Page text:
The following article has been inspired by the thoughts of Mr. Mayank Srivastava. He is the Founder of Experts’ Global, one of the world’s leading EdTech firms in the field of GMAT prep and MBA admission consulting.
Educational technology, which is often also called EdTech, is a term that refers to the practice of imparting education through technology. As technology’s influence on our industries and day to day lives, the education sector has not remained untouched. Why would it? EdTech represents a great deal of opportunity for the education sector. EdTech can take quality education to every nook and corner, enable educators to scale-up by tapping the unexplored territories, and help institutions in making the dissemination of knowledge more efficient and standardized. For quite some time now, EdTech entrepreneurs have been developing effective EdTech solutions. Yet the EdTech field is still in its infancy, with the coming decade sure to witness innumerable fresh attempts to realize the potential of EdTech. Here are the key things that any aspiring EdTech entrepreneur must know.
You Need to Know Your Niche
The education sector is large enough, with enough variety in it, that no one solution can cater to it all. Before all else, you must identify your “problem solution”. This must clearly indicate, exactly, what problem you will be solving- that is to say, your niche.
You Need to Have Your House in Order
This applies to all types of startups- at the very outset make sure that all of the co-founders are clear on all important details. They must fully understand the vision of the company, their broad roles, their degree of involvement, and their equity shares. Entrepreneurs often try to avoid talking about these issues, as they find them uncomfortable, only to regret it when things get complicated at crucial stages of organizational growth.
You Need to Ensure High Quality Content
A significant amount of EdTech firms are founded by tech-entrepreneurs, who underestimate the importance of their firm’s academic content. This ends up causing these firms no end of trouble. Unless an EdTech firm can offer high quality educational content, it will not matter how well-developed its technology is.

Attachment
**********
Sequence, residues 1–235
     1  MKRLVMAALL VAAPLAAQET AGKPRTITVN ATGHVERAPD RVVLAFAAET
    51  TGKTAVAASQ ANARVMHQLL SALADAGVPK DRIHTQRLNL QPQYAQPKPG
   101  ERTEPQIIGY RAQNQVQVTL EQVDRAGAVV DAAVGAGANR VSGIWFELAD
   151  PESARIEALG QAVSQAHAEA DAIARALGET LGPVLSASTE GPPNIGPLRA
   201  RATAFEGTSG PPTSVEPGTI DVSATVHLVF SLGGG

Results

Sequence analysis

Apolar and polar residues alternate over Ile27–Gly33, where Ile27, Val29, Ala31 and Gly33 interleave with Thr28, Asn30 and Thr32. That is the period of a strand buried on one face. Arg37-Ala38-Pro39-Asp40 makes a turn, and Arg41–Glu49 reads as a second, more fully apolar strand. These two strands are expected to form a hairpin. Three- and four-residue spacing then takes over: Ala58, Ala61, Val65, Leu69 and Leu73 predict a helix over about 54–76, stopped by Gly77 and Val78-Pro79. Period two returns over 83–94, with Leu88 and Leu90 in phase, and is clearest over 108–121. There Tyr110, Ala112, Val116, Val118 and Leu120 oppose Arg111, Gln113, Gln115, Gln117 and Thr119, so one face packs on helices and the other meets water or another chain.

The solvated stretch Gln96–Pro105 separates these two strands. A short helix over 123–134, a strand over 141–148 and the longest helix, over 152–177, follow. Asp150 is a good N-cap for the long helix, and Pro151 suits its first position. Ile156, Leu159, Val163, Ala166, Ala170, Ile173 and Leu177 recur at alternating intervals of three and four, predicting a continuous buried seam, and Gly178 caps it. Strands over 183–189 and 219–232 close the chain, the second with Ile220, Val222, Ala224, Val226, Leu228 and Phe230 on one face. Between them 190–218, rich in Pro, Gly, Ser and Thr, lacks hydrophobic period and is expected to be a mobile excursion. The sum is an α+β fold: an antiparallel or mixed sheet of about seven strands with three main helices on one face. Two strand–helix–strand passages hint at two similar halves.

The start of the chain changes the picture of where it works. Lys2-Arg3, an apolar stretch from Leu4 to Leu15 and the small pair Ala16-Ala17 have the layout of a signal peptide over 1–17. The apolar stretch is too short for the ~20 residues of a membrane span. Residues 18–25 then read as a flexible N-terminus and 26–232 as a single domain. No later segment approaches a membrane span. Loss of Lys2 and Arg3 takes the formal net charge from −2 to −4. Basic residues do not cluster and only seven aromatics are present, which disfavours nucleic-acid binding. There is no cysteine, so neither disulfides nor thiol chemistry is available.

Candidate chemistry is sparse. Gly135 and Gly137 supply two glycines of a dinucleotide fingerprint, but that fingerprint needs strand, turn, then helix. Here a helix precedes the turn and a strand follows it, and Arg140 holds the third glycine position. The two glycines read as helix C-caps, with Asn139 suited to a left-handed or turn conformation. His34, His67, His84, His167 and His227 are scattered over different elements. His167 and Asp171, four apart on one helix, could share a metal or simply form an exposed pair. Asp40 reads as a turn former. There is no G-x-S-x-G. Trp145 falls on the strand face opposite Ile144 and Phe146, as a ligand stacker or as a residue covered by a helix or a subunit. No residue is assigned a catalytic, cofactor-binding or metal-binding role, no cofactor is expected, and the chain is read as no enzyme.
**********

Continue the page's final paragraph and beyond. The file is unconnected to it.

You Need to Secure a Solid Technology Team
If you are approaching EdTech as an academician, then you need to make securing a technology team a top priority. Many academicians, who intend to use EdTech to take their knowledge to a wider audience, do not think to do so. Technology is, obviously, a central component of any EdTech endeavor. This technology will need constant updating and maintenance, as well as a reliable technology team to do so. Whether the technology team is developed in-house, taken on as a technology partner, or hired as a vendor, it is vital that the firm has a strong technology team.
You Need to Start with a Simple Product
It is always better to go-to-market early, with a simple product, rather than to try to create a “perfect” product and go-to-market late. This is because there is no such thing as a “perfect” product. All technology products have new features added, through regular updates.
You Need to Employ Beta Testing
Even the best testing teams cannot catch all bugs. This is why, once the internal testing has declared the product to be bug-free, the product should be put through a round of rigorous beta testing. This will both catch all of the remaining bugs and provide valuable information on how well-liked the product is.
You Must Have A Marketing Plan
You must have a marketing plan that will help you reach “critical volume”- the number of licenses sold that will put real momentum into the sales. You will need a well-organized budget, spread across multiple avenues. You will also need to set small milestones and, periodically, revisit the sales. You need to revisit the sales to adapt your plans to new circumstances.
You Need to Welcome Feedback
At all critical points, the software must include options for giving feedback. All user feedback needs to be warmly acknowledged, to them. This is how a user can be converted into a brand ambassador.
Critical Point: Aim to be Profitable
This is good advice for all types of startups and entrepreneurial ventures. The firm should be built with the idea to become a profitable venture. The priority should not be to chase investment. Remember, what investors most like to see is the potential to earn profits. If you can show them that your firm can do that, the investors will come to you.